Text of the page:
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10 Reasons To Open an Account with a Credit Union

10 Reasons Why You Should Open an Account with a Credit Union

The average credit union offers a wide range of services to its members, including low-cost savings accounts, auto loans, mortgage loans, personal loans, and business loans. In fact, many credit unions can offer better rates than big banks on some of these services. That’s because credit unions are not-for-profit financial institutions that are member-owned and controlled by their members—you have more control over your finances at a credit union than you do at most banks. In addition to these benefits, here are 10 more reasons why you should open an account with a credit union instead of a bank.

Papers of Credit Union on Desk

1) Member-Owned Banking Means Better Rates
While big banks are privately owned, credit unions operate on a not-for-profit basis, which means they return their profits to members.

Since your money is pooled together with other member deposits, you gain access to better rates for loans and higher interest on deposits than you would get from most commercial banks.

As an added bonus, since credit unions are nonprofit organizations, they can offer lower fees on services like ATM use (and no overdraft fees!) than traditional banks.

Plus, your deposits stay put—credit unions can’t sell your funds to other institutions.

And remember: If you own shares in your local credit union or bank (in many cases through payroll deductions), you’re voting every year for its board of directors.

2) An Account Tailored to Your Needs
A credit union is a cooperative financial institution that exists to serve its members.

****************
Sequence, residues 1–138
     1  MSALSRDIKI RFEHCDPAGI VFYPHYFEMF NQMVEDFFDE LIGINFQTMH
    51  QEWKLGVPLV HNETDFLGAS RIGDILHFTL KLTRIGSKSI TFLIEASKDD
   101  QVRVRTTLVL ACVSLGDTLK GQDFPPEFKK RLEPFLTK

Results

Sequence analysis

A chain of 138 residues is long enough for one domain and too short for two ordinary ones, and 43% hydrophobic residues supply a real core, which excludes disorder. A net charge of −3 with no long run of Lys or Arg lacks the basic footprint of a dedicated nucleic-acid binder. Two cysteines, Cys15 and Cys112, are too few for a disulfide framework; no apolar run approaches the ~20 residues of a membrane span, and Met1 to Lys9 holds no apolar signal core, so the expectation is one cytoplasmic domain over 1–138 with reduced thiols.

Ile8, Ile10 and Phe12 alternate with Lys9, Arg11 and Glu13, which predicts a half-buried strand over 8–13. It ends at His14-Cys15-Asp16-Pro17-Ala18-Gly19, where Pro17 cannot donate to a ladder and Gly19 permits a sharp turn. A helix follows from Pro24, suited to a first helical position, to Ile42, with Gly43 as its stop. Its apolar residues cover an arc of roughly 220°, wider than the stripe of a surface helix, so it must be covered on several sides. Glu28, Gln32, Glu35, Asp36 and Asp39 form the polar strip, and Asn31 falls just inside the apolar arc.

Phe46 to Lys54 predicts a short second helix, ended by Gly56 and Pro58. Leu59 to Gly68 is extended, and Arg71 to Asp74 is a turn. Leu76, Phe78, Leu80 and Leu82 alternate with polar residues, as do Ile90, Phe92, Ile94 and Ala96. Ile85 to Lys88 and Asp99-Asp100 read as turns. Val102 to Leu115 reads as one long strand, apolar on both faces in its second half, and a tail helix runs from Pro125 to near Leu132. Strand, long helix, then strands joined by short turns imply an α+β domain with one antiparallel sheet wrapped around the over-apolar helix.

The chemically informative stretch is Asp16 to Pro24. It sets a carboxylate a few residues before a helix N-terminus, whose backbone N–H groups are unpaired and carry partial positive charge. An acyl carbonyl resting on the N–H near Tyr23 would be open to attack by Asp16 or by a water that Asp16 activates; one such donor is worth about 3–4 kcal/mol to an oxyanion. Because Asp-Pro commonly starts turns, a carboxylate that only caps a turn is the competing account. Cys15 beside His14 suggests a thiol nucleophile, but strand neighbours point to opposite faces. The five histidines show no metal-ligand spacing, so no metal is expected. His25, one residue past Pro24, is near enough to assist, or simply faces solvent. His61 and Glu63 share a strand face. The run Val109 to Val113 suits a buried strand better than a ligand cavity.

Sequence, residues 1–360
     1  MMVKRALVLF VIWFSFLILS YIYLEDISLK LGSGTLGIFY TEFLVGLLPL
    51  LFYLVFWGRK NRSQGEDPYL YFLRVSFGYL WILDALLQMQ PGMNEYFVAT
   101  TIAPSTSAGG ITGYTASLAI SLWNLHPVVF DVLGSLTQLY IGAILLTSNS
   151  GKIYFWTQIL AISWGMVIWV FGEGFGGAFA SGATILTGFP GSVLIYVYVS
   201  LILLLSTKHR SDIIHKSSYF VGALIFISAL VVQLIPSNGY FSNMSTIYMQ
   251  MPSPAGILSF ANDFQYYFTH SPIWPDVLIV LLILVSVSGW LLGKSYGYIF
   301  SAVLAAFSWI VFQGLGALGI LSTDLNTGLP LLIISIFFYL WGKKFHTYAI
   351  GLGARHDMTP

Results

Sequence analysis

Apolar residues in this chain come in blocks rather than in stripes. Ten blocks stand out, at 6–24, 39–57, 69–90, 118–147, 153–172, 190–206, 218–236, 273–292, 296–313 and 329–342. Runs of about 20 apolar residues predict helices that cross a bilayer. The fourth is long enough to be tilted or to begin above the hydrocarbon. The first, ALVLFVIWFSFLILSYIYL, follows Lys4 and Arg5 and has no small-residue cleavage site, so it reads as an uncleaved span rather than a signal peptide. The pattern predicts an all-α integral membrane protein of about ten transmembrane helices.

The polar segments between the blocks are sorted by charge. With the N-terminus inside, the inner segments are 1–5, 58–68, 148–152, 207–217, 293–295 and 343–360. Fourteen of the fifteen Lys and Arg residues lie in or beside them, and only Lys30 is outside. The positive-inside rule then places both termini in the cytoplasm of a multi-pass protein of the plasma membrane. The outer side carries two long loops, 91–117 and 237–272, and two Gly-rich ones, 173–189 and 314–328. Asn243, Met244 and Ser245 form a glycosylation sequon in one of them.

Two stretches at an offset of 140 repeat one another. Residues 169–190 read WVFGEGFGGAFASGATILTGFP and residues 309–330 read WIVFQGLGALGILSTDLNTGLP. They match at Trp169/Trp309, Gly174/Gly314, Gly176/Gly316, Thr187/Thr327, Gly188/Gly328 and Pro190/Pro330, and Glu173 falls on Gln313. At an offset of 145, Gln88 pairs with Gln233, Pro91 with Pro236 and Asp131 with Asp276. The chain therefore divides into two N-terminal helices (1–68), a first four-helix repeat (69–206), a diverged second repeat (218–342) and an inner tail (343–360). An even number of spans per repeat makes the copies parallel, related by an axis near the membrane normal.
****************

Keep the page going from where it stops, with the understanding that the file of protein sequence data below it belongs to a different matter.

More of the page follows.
Membership is open to anyone who lives or works in a particular region, and every member has an equal vote in its operations.

This democratic structure gives credit unions one of their biggest advantages over banks: They’re highly responsive to their customers’ needs.

Because they don’t exist for shareholders, board members aren’t as concerned about profitability as banks are.

That means you can almost always expect better interest rates from a credit union than from your bank—even if you have bad credit or no collateral.

The same goes for loans—you can rely on greater flexibility when it comes to applying for and qualifying for loans at a credit union.

3) Free Checking Accounts
Banks and credit unions compete by differentiating their products.

While both offers checking accounts, for example, banks typically charge $20-$35 per month to maintain one.

Credit unions don’t charge monthly maintenance fees and instead, focus on rewarding long-term customers and giving back to community development projects through their capital reserves.

By not charging monthly maintenance fees, credit unions give members more control over how much they spend on banking services each month – which is good news for people who just want to bank but don’t want to pay an arm and a leg for it.

4) More Flexible Mortgage Options
Unlike banks, credit unions give you more flexibility on mortgage options.

Because they’re not-for-profit organizations, they typically offer loans at lower interest rates, which means you can afford to buy a home that costs more or invests in upgrades that would’ve been out of reach if you were getting financing from one of the big guys.

Credit unions are also great for people who are looking to refinance their mortgages.

And it’s nice knowing your money is going toward furthering your community instead of adding someone else’s wallet.

5) Customer Service Focused on Members
When members have a problem, they’re not going to get bounced around from department to department.

They’ll talk to someone who can actually help them right away. If you’ve ever had a problem with your bank, you know how important that can be.